A small group of HIV-infected children who appear to resist disease progression could offer clues to come up with new treatments that would benefit adults and children alike, scientists have found. The Oxford University-led team investigated the biological mechanisms that help these young patients fight off the disease and live a normal childhood.
Most children infected with HIV die in their first few years. However, in a minority - between 5 and 10% - the disease does not progress. These kids are known as 'paediatric non-progressors' (PNPs) and they can go on with their lives sometimes without realising that they are carrying the virus.
Like these children, an even smaller proportion of adults - 0.3% - seem to control the virus thanks to a strong immune response and do not go on to develop AIDS. They are known as "elite controllers".
Scientists have spent a lot of time studying them, to identify the biological mechanisms responsible for their incredible resistance. They thought they would then be able to use this knowledge to find new treatments or vaccines.
But this approach has so far not been successful. "We have investigated if the immune response of elite controllers could be an inspiration to create an effective vaccine against HIV, but this has not worked, maybe because it is not possible to copy this immune response in people who do not have the appropriate genetic makeup", lead author of the study, Philip Goulder, told IBTimes UK.
The authors of the study, published in Science Translational Medicine, decided to try another approach and to focus on paediatric non-progressors. The idea was to find out how the children's immune system responded to the HIV infection and whether it helped them develop new treatments.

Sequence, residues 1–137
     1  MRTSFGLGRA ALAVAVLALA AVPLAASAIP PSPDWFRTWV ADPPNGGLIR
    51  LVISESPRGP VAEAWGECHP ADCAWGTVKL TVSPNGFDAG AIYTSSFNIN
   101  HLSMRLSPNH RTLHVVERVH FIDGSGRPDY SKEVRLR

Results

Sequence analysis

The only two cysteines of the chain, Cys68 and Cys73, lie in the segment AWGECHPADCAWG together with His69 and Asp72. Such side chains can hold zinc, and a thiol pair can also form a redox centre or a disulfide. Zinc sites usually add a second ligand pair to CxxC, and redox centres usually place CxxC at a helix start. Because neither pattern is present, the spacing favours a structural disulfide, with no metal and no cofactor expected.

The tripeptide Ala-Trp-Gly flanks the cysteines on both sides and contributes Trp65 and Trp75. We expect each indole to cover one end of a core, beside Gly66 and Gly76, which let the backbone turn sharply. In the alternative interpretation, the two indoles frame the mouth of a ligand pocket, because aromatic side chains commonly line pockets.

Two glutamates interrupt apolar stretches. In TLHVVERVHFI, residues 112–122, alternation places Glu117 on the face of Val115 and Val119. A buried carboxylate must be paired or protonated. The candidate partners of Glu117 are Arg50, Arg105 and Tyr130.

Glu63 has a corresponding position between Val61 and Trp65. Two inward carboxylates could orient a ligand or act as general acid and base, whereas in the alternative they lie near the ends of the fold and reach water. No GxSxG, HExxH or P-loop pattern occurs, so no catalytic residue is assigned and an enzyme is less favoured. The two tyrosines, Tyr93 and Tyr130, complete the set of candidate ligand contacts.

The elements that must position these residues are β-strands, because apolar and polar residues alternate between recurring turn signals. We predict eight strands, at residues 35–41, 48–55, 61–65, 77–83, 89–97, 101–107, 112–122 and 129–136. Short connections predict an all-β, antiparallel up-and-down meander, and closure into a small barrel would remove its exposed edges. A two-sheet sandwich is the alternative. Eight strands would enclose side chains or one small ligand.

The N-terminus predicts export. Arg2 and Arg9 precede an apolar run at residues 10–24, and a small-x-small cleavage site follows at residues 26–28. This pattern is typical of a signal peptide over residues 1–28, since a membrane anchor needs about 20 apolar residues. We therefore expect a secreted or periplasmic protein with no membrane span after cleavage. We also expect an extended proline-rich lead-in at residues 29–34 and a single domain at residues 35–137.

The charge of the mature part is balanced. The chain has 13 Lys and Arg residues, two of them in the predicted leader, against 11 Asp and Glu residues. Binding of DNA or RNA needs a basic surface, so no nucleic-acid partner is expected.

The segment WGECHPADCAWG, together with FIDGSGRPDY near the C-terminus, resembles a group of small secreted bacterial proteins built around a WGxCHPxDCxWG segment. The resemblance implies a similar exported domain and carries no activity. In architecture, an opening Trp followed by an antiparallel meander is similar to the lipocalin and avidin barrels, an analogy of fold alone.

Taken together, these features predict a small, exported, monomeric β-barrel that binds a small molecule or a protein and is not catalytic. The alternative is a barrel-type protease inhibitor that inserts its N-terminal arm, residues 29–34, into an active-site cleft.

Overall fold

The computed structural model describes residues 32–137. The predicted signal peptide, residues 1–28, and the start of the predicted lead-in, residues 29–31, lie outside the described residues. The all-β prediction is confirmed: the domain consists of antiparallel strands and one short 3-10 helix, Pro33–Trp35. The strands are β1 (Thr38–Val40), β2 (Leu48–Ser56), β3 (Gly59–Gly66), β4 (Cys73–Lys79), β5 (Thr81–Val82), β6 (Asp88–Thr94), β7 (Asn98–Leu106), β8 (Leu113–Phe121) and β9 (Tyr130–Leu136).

Similar to monkeys
The researchers studied 170 paediatric non-progressors and discovered that their immune system fought the HIV infection in ways similar to those that have evolved in monkeys naturally infected with simian immunodeficiency virus (SIV) - the monkey equivalent of HIV.
Like the 40 species of monkey that carry SIV, these children had high concentrations of the virus in their blood, but no increased immune activity was observed. They showed no signs of the disease progressing and affecting them. While it may seem counter-intuitive to some, the scientists explain that the absence of disease in these patients is linked to them avoiding mounting a strong immune response against HIV.
This suggests infection does not necessarily mean disease progression. "One of our most important findings is that the progression of the disease after an HIV infection is not simply this infection but also the way the immune system reacts to the virus. After being activated following an infection, the immune system never quite returns to normal, even after successful treatment with ART", Goulder says.
Further studies will now be required to understand why low immune response in PNPs mean they are better equipped to resist the spread of the disease and also how best these findings could be translated into research for treatment.
"Further research is needed to establish the exact mechanism in children. That will give us more information about how HIV disease develops and may give us treatment approaches in addition to ART that block the pathway between HIV infection and HIV disease", said Goulder.